Hirayama disease, a non progressive juvenile spinal muscular atrophy, occurs mainly in young males between the ages of 15 and 25 years. The clinical features include insidious onset, predominantly unilateral upper extremity weakness and atrophy, cold paresis, and no sensory or pyramidal tract involvement.

Pathologic studies have shown the lesions only in the anterior horns of the spinal cord from C-5 to T-1, particularly marked at C-7 and C-8.
Current neuroradiologic techniques have shown forward displacement of the posterior wall of the lower cervical dural canal in neck flexion, which is presumed to be a primary
pathogenetic mechanism of Hirayama disease. The mechanism of this anteriorly displaced dural canal has been explained by Kikuchi et al as a tight dural canal in flexion,
caused by a disproportional length between the vertebrae and the dural canal.

Early diagnosis of disease is necessary, because placement of a cervical collar will prevent neck flexion, which has been shown to stop disease progression. Atrophy on routine nonflexion MR studies especially at the lower cervical cord, should raise the suspicion of Hirayama disease. When this sign is seen, a flexion MR study should be performed to confirm the diagnosis.

Similar case:

Reference : Hirayama Disease: MR Diagnosis, Chi-Jen Chen, Chiung-Mei Chen, Chia-Lun Wu, Long-Sun Ro, Sien-Tsong Chen, and Tsong-Hai Lee, AJNR Am J Neuroradiol 19:365–368, February 1998 

Fatty filum terminale MRI

Syn: Lipoma of the filum terminale, filar lipoma.
A relatively common benign finding on MR imaging of the lumbar spine, seen in ~ 5 % of cases.

On MRI the abnormality typically is thin and linear, extends over only few segments. Signal iso intense to fat on all pulse sequences may show chemical shift artefact on T2* GRE sequences. T1 and T2 hyperintens with signal supression on STIR.

In most cases is an incidental finding of no clinical significance. However it is considered as one of the causes in tethered cord syndrome and may be associated with tethered cord, where there is associated markedly thickened filum with low lying conus. Location and the size of fatty filum are considered as the important factors for Tethered cord syndrome. The thickened fatty filum terminale (more than 2mm) considered as one of the causes of the tethering. Fat in the filum may represent mesodermal cells that did not properly migrate to their normal position in the process of canalization. The presence of fatty tissue may alter the developmental properties of the filum and may predispose patients to cord tethering. Bursara et al. reported the correlation between the fat and the neural dysfunctions with MRI. They concluded that fat in the filum terminale within 13mm of the conus medullaris was most predictive of neurological deficits. And TCS in adults is caused by the anoxia due to over-stretching of the conus medullaris - See more at h:ttp://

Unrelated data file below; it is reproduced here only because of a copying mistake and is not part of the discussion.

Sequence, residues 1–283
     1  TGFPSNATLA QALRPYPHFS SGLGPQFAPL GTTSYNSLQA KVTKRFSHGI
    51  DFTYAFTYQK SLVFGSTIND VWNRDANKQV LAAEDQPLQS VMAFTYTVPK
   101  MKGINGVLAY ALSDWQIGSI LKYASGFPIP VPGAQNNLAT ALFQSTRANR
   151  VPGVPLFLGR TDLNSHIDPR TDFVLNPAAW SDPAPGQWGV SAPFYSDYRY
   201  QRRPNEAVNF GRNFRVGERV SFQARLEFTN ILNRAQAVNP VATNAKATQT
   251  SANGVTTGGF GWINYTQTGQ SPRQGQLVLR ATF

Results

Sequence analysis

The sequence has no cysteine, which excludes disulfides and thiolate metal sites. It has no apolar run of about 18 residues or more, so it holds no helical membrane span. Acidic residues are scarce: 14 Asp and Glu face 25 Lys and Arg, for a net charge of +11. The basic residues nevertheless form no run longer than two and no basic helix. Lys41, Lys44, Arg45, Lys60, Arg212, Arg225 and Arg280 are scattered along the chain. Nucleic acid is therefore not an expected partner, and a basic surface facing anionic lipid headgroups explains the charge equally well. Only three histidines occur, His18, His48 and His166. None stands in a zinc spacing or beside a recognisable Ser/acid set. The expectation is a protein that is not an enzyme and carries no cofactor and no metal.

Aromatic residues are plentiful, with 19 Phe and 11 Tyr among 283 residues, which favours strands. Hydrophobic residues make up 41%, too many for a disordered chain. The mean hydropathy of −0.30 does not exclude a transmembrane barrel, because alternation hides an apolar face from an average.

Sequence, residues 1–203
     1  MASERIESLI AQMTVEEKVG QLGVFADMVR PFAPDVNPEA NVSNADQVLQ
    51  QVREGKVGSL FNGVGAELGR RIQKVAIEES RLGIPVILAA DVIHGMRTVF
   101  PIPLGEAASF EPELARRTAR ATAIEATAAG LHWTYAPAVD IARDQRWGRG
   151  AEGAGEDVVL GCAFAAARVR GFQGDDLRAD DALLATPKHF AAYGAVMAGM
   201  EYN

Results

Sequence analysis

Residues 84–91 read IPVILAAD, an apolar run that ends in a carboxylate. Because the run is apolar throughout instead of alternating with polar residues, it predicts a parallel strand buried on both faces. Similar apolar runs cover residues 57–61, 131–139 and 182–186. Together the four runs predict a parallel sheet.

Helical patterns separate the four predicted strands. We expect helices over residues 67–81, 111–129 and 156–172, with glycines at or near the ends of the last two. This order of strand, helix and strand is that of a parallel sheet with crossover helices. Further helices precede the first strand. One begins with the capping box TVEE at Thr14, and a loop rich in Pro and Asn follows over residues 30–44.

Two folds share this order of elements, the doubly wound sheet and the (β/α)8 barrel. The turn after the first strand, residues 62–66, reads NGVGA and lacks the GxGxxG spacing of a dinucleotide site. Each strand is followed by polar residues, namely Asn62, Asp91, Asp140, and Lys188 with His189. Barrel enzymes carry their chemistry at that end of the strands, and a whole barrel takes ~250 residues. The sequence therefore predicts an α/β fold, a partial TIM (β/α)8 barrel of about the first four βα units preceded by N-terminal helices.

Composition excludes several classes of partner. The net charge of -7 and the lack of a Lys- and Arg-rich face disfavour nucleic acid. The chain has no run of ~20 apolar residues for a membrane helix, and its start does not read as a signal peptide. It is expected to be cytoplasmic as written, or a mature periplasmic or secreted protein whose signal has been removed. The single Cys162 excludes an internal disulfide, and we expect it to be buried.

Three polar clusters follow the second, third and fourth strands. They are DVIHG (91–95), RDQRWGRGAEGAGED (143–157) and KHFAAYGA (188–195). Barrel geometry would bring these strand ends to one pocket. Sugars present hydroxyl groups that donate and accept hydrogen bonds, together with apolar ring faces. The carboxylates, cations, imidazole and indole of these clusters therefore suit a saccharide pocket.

In asymptomatic patients, nothing need be done. Difficulty arises in patients who have some symptoms suggesting tethered cord syndrome, but whose conus terminates at a normal level. Controversy as to the benefits of division of a fatty filum in such patients exists.

Imagingwise there is little or no differential when signals of fat is confirmed, however other filum terminale lesions like paraganglioma of the filum terminale and myxopapillary ependymoma can be considered.

Tuesday 13 November 2012

Dural AV fistula

Plain CT and MR Axial T2w images show abnormal serpigenous vascular hyper density on CT and T2 flow voids on MRI marked in posterior fossa at the floor and along tentorial dura suggestive of dural AV fistula.
An associated abnormal dilatation of petrosal sinuses noted on MR Angio.

Dural arteriovenous fistula (DAVF)

Dural AVF, a rare, abnormal connectivity between arteries and veins, lies exclusively along dural covering of the brain or spinal cord, and referred accordingly as a cranial DAVF and spinal DAVF.
Cranial DAVF is supplied by branches of the carotid artery (external and internal carotid arteries) and possibly also by branches of the vertebral artery before these arteries penetrate the dura.
The fistula communications seen as serpigenous dilated vessels with T2 flow voids along dura overlying cererebral convexity and along tentorium. Frequently the blood flow in a DAVF is very high, and it may cause blood to flow in the opposite direction of normal over the brain's surface.

Commonly diagnosed in women over the age of 40 years. Unlike AVMs, which are thought to be present from birth, cranial DAVF most often develop later in life following hypoplasia or thrombosis of dural venous sinus particularly superior sagittal sinus.

Cranial DAVF may present with pulsatile tinnitus or pulsatile proptosis, impairment of vision and eye movement, isolated but persistent or progressive headache; hemorrhage
Unfortunately, the diagnosis may be missed or delayed because such lesions occur so rarely, CT may be normal and even in case of MRI, a common practise of inadequate sequences particularly screening protocols used for brain and spine.

Pathogenesis of Dural AV fistula:
Dural AV fistula are shunts between the meningeal arterial networks and the dural venous sinuses. Long standing dural sinus thrombosis result in obstruction in venous outflow which raises intra cranial venous sinus pressure. This venous hypertension leads to ischemia, followed by aberrant angiogenic activity along the Dura. CVT here is the primary event that result in venous hypertension and fistula. Sinus thrombosis may be the primary even as result of turbulent flow in the Dural venous sinus secondary to DAVFs.